Blog, Development

Updating PCF Controls to support new UI

In this post, I will share my experience updating one “Lookup to Optionset” PCF control I developed a while ago. You can check the video and/or source code if you are unfamiliar with it.

Let’s check Microsoft Learn

Here are a few articles and examples you can check for educational purposes:

I went through examples and decided to use the “Fluent’s v8 to v9 migration package” approach. After some time I got it working but the dropdown didn’t look like Model-Driven-App native control. On top of it, the bundle of PCF control was quite heavy and I had to use the tricks I described in this blog post to make it smaller. I was not satisfied with the result so I had to look for a solution somewhere else.

Let’s check what is available online

I remember that David Rivard wrote a blog post on a similar subject (if you haven’t subscribed to his blog yet, check it out, the content is amazing!).

Based on what I saw in the code – depending on the property fluentDesignLanguage of the Context – control rendered one of 2 separately developed and styled-components – so one for Old UI (FluentUI8) and the other for new UI (FluentUI9). I decided not to reinvent the wheel and used a similar approach in my code.

Component architecture

  • RecordSelector contains the “proxy” component that is used to first query all the records available for the entity and then depending on the currently active UI render one of 2 components available
  • IDropDownProps contains a “properties” interface that’s common for both UI components
  • DropdownOld and DropdownNew are UI components that will render the version of UI that corresponds to the current UI

Usage of FluentUI8 and FluentUI9 in one component

The next question I asked myself was if it is possible and supported to have both UI frameworks inside the same component. Here is what I found in the “React controls & platform libraries” article:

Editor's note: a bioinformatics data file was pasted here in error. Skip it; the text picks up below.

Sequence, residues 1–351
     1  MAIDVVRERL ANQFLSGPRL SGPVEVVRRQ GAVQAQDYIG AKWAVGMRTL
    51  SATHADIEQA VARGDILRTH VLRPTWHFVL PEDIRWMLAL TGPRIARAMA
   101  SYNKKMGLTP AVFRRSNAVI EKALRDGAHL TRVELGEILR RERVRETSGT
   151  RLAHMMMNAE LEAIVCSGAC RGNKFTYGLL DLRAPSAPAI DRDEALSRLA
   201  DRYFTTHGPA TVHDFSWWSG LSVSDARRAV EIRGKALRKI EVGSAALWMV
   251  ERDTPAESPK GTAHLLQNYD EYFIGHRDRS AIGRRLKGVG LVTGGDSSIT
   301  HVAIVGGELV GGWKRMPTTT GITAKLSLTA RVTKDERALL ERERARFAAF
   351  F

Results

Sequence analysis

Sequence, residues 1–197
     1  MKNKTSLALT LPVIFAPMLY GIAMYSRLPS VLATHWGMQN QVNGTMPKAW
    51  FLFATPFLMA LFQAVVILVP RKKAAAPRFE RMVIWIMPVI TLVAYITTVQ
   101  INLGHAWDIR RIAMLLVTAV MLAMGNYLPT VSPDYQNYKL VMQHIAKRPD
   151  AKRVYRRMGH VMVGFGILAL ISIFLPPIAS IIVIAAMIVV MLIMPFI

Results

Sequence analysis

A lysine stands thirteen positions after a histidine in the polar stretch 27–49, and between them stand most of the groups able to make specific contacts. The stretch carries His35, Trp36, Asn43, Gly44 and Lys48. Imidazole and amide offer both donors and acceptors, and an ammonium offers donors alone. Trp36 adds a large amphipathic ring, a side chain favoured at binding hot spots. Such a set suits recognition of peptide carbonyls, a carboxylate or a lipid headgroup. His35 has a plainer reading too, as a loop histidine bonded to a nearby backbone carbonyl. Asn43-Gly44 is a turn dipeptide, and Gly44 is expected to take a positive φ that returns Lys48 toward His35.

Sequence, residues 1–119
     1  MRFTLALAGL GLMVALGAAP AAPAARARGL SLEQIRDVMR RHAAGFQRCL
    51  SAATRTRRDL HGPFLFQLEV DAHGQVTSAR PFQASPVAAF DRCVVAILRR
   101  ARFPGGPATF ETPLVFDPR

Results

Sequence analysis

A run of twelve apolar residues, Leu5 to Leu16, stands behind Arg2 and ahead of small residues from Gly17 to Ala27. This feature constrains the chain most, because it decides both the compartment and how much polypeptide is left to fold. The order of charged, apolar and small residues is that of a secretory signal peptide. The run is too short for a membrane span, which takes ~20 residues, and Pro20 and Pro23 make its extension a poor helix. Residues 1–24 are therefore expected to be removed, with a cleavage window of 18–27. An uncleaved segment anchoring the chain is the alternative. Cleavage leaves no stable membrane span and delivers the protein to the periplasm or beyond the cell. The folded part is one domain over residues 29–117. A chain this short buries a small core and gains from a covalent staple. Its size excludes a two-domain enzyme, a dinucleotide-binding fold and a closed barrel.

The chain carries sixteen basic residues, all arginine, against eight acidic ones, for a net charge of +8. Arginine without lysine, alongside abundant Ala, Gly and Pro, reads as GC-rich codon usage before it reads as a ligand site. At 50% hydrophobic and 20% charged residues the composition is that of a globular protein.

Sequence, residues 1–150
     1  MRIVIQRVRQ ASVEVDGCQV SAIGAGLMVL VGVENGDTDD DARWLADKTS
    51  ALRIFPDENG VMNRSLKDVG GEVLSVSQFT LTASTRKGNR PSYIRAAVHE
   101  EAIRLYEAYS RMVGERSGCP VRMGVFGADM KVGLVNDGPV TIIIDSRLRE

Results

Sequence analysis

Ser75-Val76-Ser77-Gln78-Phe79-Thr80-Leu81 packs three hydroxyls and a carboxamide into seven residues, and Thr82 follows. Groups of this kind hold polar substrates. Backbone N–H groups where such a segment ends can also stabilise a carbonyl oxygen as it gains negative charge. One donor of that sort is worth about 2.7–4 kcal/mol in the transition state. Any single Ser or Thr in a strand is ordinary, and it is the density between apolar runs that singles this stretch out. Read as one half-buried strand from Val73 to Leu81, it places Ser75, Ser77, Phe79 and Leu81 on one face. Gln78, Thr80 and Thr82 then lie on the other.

Based on what I have tried so far – it works but one of the Fluent UI bits will be added to the final bundle.js pretty much how it was done for the old (HTML type of controls).


To pick up the current theme from the PCF control context the following code can be used:

When the ‘theme’ is ‘undefined’ it means that the old UI is used. Otherwise, a new UI is used. In this post, I will provide instructions on how to style the component New UI MDA way.

The styling approach has drastically changed compared to the previous version. Check this post to see the approach used now  for styling ––page

The only good way I found to eliminate differences between OOB FluentUI9 components and the MDA New UI version is to investigate the CSS of the component using Browser Developer Tools (if you have a better idea or a way – please leave a comment under this post). The good thing about FluentUI9 is that CSS properties contain references to exact references to the theme, check the following demonstration:

That’s how I ended up with the following styling:

Here is what the result of full conversion looks like (Old UI, New UI, and New UI with the dark theme enabled):

Full source code of PCF component is available in my GitHub repository –


  1. Look cool!. I’d like to use the one you made. Getting it from github, but im not sure what other dependecies should i load other then : “npm install react react-dom @fluentui/react-components”

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